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Published: July 26th 2018
Today we were travelling southeast from Eger to Debrecen
Despite a wild night at the wine cellars, we were (once again) wide awake at 5am. The sun was rising over Eger Basilica, which was a beautiful sight from our small balcony. We headed down to a small external dining room/kitchen for a very basic but enjoyable breakfast. Baskets of bread rolls were on the table, along with plates of cheese, salami, ham and tomatoes. We made ham and cheese rolls, which we washed down with endless cups of tea. It had been, after all, a full-on wine tasting at Biro Borozo the night before, and we were thirsty.
After breakfast we said goodbye to Sir Charles, the resident cat, threw our packs on a private minibus and set off for Debrecen, Hungary’s second largest city. We arrived in the late morning for what was only to be a two hour visit to break up our longer journey to Vadu Izei in Romania. We wandered around Kossuth Ter (the main city square) and found Ikon, a well-positioned restaurant to relax and watch the world go by. We sat at a table in a covered outdoor area bordering the
square and ordered cold drinks to refresh us, as the midday sun was intense. We both opted for the paprikash potato
(potatoes with paprika and sour cream) with Debrecziner sausage, which was served in an iron cast pot that proved difficult to eat from, but the food – basically an upmarket sausages and mash – was absolutely sensational.
We were running our Hungarian forint down to ensure we had nothing left before crossing into Romania later in the day. We had just enough for some water to get us through the afternoon, but when I paid the restaurant bill, the change didn’t come back. Yikes. They must have thought the change was a large tip. After suffering the embarrassment of having to ask for our change, which was not met favourably by our scornful waitress, we beat a hasty retreat across the square to a supermarket, where we spent our remaining forint on water and snacks.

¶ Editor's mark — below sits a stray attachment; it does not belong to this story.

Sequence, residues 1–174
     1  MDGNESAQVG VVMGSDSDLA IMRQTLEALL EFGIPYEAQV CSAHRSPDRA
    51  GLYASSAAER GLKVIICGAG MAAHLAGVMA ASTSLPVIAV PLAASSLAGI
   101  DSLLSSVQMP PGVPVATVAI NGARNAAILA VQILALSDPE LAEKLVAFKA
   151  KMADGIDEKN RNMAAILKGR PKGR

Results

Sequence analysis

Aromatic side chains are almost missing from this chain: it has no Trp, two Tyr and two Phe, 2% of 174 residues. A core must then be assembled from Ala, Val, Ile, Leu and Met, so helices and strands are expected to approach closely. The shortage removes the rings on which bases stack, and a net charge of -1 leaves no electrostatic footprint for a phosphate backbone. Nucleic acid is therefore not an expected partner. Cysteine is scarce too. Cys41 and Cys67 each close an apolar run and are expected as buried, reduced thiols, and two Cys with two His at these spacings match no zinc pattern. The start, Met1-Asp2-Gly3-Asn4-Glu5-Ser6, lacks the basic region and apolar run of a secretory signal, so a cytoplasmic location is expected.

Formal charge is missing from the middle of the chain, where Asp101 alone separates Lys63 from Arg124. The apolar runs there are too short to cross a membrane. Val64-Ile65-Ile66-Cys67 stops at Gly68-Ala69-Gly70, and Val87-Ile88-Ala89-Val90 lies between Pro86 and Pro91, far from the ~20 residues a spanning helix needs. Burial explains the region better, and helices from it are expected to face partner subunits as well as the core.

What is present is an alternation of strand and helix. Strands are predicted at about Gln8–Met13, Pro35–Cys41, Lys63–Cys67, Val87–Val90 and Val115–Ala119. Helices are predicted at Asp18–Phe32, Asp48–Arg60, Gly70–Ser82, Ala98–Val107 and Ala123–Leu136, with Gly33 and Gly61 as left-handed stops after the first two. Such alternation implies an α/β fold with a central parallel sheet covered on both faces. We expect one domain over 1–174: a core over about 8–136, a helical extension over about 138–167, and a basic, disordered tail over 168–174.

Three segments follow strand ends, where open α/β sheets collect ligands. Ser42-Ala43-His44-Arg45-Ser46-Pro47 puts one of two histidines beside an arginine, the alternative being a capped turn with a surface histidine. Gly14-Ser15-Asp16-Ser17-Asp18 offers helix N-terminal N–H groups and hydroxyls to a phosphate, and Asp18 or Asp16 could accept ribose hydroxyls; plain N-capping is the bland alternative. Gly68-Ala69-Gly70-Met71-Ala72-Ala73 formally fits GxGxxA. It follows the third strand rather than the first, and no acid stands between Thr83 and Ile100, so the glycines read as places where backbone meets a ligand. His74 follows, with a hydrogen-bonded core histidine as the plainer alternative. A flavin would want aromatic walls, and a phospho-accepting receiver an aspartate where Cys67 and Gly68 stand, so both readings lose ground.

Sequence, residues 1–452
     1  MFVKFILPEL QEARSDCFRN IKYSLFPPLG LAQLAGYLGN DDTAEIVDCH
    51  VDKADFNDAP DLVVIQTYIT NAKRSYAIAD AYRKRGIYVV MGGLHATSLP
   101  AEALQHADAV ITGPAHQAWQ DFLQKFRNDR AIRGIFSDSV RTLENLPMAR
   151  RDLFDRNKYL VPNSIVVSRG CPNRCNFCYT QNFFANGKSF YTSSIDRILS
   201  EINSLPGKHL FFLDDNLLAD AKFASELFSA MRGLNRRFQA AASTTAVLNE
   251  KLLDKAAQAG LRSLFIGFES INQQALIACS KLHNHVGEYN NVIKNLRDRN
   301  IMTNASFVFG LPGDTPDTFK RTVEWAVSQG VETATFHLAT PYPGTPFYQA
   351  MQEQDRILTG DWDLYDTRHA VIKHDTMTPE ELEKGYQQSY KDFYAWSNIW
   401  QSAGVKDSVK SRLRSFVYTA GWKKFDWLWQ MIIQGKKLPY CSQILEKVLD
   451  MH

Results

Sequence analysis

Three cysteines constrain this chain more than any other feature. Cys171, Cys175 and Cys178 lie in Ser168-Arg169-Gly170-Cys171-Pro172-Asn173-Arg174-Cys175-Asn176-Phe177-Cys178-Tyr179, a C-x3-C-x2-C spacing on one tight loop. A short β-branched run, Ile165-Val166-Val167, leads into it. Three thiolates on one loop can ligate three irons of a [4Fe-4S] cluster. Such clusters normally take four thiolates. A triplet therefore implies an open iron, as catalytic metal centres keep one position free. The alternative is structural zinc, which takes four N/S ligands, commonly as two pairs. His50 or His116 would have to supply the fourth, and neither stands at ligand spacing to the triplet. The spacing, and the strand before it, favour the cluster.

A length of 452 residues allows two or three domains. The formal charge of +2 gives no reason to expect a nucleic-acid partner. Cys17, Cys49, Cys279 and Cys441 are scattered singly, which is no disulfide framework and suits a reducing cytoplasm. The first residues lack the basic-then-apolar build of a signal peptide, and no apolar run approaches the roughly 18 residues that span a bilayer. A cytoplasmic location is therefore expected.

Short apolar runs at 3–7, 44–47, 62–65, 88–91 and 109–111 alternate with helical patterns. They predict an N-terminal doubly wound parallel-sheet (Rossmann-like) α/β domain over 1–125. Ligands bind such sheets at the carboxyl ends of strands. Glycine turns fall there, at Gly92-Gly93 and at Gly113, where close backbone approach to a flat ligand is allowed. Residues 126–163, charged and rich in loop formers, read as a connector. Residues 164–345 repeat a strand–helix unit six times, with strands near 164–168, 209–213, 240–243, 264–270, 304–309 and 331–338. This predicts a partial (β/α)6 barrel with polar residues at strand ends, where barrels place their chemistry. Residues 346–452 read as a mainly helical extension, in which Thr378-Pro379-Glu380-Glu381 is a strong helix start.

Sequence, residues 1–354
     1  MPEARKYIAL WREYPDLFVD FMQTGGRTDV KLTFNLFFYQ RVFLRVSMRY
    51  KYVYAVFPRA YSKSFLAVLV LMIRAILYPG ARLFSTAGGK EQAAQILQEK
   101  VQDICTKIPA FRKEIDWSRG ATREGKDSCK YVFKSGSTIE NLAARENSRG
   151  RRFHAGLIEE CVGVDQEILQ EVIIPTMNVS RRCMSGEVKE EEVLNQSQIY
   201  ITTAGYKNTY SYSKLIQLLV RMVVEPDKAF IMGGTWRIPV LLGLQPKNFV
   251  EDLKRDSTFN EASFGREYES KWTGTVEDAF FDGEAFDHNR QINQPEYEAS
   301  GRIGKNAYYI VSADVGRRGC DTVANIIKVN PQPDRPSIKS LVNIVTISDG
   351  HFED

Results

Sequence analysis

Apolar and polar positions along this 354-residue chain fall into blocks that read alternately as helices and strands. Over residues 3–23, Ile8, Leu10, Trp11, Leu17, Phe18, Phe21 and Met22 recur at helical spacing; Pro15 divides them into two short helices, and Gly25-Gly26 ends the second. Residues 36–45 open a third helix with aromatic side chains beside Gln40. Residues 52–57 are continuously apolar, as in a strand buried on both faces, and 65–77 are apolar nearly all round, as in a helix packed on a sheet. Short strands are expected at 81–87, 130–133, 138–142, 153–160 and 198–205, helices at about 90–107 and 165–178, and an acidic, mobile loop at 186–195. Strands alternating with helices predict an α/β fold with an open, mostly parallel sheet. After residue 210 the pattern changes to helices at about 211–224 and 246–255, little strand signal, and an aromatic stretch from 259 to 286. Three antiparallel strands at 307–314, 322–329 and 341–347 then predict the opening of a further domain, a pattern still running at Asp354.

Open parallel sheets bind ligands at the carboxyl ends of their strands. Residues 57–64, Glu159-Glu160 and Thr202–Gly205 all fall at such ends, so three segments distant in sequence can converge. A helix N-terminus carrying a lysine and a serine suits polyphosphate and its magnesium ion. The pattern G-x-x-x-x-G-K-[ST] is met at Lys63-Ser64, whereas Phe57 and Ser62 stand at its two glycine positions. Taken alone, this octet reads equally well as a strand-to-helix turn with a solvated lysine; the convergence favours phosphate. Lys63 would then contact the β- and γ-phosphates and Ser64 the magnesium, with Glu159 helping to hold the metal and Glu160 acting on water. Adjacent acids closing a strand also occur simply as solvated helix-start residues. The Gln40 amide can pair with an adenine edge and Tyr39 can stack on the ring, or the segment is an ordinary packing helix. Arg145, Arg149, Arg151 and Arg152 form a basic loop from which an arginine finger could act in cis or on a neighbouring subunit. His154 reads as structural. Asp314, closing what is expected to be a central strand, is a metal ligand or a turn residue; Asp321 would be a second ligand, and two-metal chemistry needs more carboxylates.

We wandered Kossuth Ter one last time in the searing afternoon sun, and on our way back to the minibus we took a few last photos of the Great Church, Hungary’s largest Protestant house of worship. We filled our water bottles, jumped
on the minibus and started our eastward journey to the Romanian border. SHE SAID...
Today was a travel day from Eger to Debrecen
in the Northern Great Plain, by minibus.
We woke up a bit tender after a big night at the wine tasting cellars in Eger’s Valley of the Beautiful Women. Annoyingly, I woke at 4am and then 5am, on a day my body could really have used an extra two hours of sleep. Miraculously, neither of us nor the rest of the group fared too badly… I say miraculously, as we calculated that we’d each drunk the equivalent of two bottles of wine each! It was a most hilarious night by all accounts.
The breakfast room stood alone at the end of the property, and breakfast was a simple affair of fresh bread rolls, butter, strawberry jam with cinnamon, cheese, salami, ham and tomatoes. I didn’t try the ham, and the homemade jam was too sweet for my taste, but everything else was really delicious.